Elizabeth Holmes Trial: Whistleblower Testifies to "Frequent" Data Manipulation
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Erika Cheung, a former Theranos lab worker turned whistleblower, detailed how the company manipulated data in order to pass quality control in her testimony in the fraud trial of Holmes Tuesday and Wednesday.
Cheung testified that the data manipulation happened “frequently,” in order to make the company’s lead asset look good to investors. She testified that Theranos employees would delete up to two of six data points in a test to achieve the desired result, CNN reported.
To investors, Elizabeth Holmes promoted a blood-testing device that could accurately diagnose a myriad of conditions with a single drop of blood. These boasts helped her raise hundreds of millions of dollars for her company, but the boasts were empty, and they made some employees of the now-defunct company uncomfortable.
During Cheung's testimony, the government presented charts that included data from 2014 showing approximately 25% of tests conducted on the Theranos technology failed quality control. That fail rate was drastically different compared to devices that had already been approved by the U.S. Food and Drug Administration, which were far more accurate. The former employee testified that those approved devices rarely failed.
Over the course of her tenure at Theranos, Cheung admitted that she became “really stressed and uncomfortable with what was going on” at the company. She was the second witness called by the government in the Holmes trial.
The lab worker said she ultimately amassed enough data to show the company’s technology was not as promising as it was being presented. And that made her concerned when it came to using the technology to determine patient results.
Cheung attempted to raise her worries about the tech failures internally but testified that her voice was not being heard. That is when she took her troubles to the outside world, specifically The Wall Street Journal and investigative reporter John Carreyrou, who went on to break the story about Theranos.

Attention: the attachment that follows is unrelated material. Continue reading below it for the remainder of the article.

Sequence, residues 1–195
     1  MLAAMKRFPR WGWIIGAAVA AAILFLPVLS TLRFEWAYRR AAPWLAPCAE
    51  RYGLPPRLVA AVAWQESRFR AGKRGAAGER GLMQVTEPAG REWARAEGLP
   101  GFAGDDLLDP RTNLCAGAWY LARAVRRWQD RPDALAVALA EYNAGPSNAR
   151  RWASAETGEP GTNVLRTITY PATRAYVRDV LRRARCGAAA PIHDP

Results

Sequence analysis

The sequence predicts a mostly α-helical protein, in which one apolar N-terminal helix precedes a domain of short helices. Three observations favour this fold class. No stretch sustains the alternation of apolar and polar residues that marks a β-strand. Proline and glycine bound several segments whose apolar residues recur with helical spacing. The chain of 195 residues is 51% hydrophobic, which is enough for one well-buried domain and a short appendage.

Carreyrou's findings have since been published in the book Bad Blood and were used in multiple documentaries about Holmes. In addition to the Journal, Cheung took her concerns to the Centers for Medicare and Medicaid Services, which then began to investigate a Theranos lab in the company. That investigation ultimately led to the shutting down of operations at that lab after it failed to meet federal guidelines, and afterward, led to Theranos shuttering its lab facilities across the country.
After sharing her story with the Journal and CMMS, Cheung left Theranos.
Although her testimony appears damaging to Theranos, the Holmes defense team highlighted Cheung’s limited experience with testing due to that having been her first industry job. The legal team presented its own charts that indicated the company disclosed when data was removed from sets to demonstrate accountability.
Additionally, Holmes’ legal team noted that the data was never approved by the former CEO, but by lab administrators. Part of the Holmes defense strategy is to demonstrate that it was the lab director and not the chief executive officer of Theranos who decided the accuracy and reliability of tests.
In testimony, Cheung said she never took her concerns directly to the CEO but noted that another whistleblower, Tyler Schulz did go to Holmes with those concerns.
Holmes trial, which finally began last week after a year-long delay due to the ongoing pandemic, is expected to resume on Friday. The former CEO has been charged with multiple counts of fraud.